"If you can't find a seat, don't worry. Next week, we'll have plenty of room."

That was how a priest at my parish opened mass this morning, and we all knew exactly what he meant.  This is what it looked like from the front door of the church at 1:15, Easter Sunday:

Standing room only at all the masses, lots of unfamiliar faces, a few colorful hats. A couple people who had been baptized the night before came again on Sunday, which always touches me. They just can’t stay away.

The altar servers have developed a new spin on using the thurible: swinging it 360 degrees. When you see two of these guys doing it, in perfect sync, during the “Hallelujah” Chorus, it’s literally breathtaking.  Witnessing that spectacle, a couple elderly women had their eyebrows arched in perpetual astonishment, their mouths forming a silent “Wow.”

He has been raised.  That’s a good reason for “Wow.”

After four days, nine liturgies, the Seven Last Words, one Exultet, one long rehearsal, one Ephphatha rite, one last minute homily (the Easter Vigil assignment came up at 9:30 Friday night) and a few hundred communions distributed (out of several thousand for the weekend), I can only say this: I’m just grateful to be able to sit down and take off my shoes.

He has been raised. And now I’m taking a nap. Happy Easter, all.

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7 responses to “"If you can't find a seat, don't worry. Next week, we'll have plenty of room."”

  1. If they came every week, ( to paraphrase Our Risen Lord ),

    “We will tear down this Church and build a bigger one in three days.”

    Christ is Risen!


    PS He is risen indeed. ( Nod to my Lutheren Brethren )

  2. Happy Easter, Deacon Greg.

    I’ve heard of the swinging of thuribles 360°, and I’ve called it “showboating.” It’s a small point, liturgically, but so far as I know, it was never part of the Roman rite. To my mind it serves only to call atention to the thurifers. But incense is intended to show honor to the person or thing being incensed, not to call admiration to the thurifer.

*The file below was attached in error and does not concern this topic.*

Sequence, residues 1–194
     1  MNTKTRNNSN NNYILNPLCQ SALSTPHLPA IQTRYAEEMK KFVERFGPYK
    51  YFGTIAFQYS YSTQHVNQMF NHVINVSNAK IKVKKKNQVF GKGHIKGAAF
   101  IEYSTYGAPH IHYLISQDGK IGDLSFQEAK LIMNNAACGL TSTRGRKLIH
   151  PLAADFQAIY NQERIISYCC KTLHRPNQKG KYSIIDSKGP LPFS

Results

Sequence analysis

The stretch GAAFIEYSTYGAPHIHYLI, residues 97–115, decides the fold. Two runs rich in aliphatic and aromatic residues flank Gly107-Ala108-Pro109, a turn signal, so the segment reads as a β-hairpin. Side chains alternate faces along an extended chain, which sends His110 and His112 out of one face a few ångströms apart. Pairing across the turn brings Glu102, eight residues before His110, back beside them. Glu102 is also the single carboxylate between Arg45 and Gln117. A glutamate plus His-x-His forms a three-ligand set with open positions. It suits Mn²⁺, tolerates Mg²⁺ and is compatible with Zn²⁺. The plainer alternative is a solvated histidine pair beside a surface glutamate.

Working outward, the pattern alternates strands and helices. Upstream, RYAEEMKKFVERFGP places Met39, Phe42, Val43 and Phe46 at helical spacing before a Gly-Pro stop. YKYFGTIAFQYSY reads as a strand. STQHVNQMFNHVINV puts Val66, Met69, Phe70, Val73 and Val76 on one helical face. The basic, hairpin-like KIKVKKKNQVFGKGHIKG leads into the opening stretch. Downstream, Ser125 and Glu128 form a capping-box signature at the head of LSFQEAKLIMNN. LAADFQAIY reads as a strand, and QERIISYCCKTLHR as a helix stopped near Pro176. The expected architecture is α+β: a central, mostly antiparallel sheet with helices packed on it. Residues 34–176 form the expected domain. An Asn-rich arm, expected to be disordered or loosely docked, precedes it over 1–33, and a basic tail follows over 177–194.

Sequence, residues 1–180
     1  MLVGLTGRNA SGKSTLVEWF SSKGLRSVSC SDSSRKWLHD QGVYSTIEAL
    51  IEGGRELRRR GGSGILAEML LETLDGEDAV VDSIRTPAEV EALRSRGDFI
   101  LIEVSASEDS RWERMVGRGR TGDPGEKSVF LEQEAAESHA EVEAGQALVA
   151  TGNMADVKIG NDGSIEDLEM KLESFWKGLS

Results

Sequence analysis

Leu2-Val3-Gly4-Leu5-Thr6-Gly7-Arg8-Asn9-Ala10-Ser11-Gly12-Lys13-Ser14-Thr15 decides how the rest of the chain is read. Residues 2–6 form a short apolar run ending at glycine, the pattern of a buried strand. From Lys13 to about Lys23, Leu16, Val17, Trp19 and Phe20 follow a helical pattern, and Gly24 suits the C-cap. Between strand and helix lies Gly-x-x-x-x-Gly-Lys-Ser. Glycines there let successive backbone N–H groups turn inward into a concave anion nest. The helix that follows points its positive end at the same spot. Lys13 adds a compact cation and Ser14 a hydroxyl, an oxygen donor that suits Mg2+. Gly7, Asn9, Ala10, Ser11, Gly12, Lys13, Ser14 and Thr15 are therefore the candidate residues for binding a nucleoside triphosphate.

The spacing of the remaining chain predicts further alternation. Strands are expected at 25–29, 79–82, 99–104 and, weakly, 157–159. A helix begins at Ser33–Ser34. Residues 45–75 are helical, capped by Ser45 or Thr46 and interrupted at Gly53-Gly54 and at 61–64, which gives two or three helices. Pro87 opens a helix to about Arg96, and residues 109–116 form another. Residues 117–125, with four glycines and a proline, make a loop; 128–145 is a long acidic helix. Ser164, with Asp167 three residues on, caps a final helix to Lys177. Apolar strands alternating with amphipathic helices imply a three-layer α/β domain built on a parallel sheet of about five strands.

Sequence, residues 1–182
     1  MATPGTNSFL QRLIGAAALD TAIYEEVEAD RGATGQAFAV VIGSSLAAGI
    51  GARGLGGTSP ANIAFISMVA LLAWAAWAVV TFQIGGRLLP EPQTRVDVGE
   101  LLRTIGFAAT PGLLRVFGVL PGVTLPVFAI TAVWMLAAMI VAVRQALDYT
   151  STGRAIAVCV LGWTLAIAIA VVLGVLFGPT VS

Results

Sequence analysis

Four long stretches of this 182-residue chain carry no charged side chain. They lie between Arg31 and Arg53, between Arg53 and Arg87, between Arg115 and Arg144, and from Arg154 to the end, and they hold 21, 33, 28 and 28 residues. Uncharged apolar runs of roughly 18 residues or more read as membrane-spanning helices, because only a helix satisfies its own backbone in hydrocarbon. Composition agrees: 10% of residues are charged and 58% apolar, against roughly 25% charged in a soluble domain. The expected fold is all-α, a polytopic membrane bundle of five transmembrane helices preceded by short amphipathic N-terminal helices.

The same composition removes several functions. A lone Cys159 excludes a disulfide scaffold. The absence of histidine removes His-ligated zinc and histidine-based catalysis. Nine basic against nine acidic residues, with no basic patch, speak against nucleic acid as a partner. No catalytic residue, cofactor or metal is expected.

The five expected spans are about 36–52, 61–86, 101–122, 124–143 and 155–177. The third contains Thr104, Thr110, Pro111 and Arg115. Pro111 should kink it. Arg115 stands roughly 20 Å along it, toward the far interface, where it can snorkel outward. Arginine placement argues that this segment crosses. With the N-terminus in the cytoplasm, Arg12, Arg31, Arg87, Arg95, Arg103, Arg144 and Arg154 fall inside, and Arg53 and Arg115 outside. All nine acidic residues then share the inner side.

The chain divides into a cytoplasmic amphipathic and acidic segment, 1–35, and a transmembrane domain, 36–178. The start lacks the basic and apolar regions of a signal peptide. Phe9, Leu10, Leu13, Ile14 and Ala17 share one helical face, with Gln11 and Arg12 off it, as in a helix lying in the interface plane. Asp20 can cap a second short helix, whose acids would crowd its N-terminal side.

I think your pastor would do well to put a stop to the practice at once.

  3. Frankly, I find the phrase rude, dismissive, condescending and unwelcoming. Definitely not funny.

    “I think your pastor would do well to put a stop to the practice at once.”

  4. The pastor would do well to put a stop to it. Liturgical theatrics distract EVERYONE from the intent of the liturgy and the Presence of Our Lord, especially those who need our help to answer the call of the Holy Spirit to come to Mass regularly. [And God forbid the chains let loose…]

  5. “If you can’t find a seat, don’t worry. Next week, we’ll have plenty of room.”

    Hilarious — and perhaps it may have well provided a subliminal nudge to the ‘Christmas and Easter Catholics’ to make more frequent appearances as well.

    Happy Easter, Deacon Greg. You deserve some rest!

  6. I think it is a nice, polite, well deserved little dig. To me the people who show up only on Christmas and Easter trivialize our Faith. Can you image if you took a martial arts class and only showed up twice a year? Or if you only showed up for college twice a year? What would you expect to learn? How would you expect to grow in knowledge of those subjects. Being a good Christian takes no less time and effort than those other subjects, maybe more.

    I know some people are going to say it is unChristian of me. But honestly I have more respect for Atheists than I do for A & P Catholics. At least they are being honest with themselves, and don’t pretend to go along for cultural reasons. Church is more than a fancy building to get married in, a nice place to hold a funeral mass, and an opportunity to show off your new suit or dress.

  7. I don’t have a major problem with people showing up for Christmas or Easter Mass. I would love to see them there every Sunday but, by their coming at all, shows that there is still hope. Do you think Our Lord would look at them with contempt or with unconditional love?

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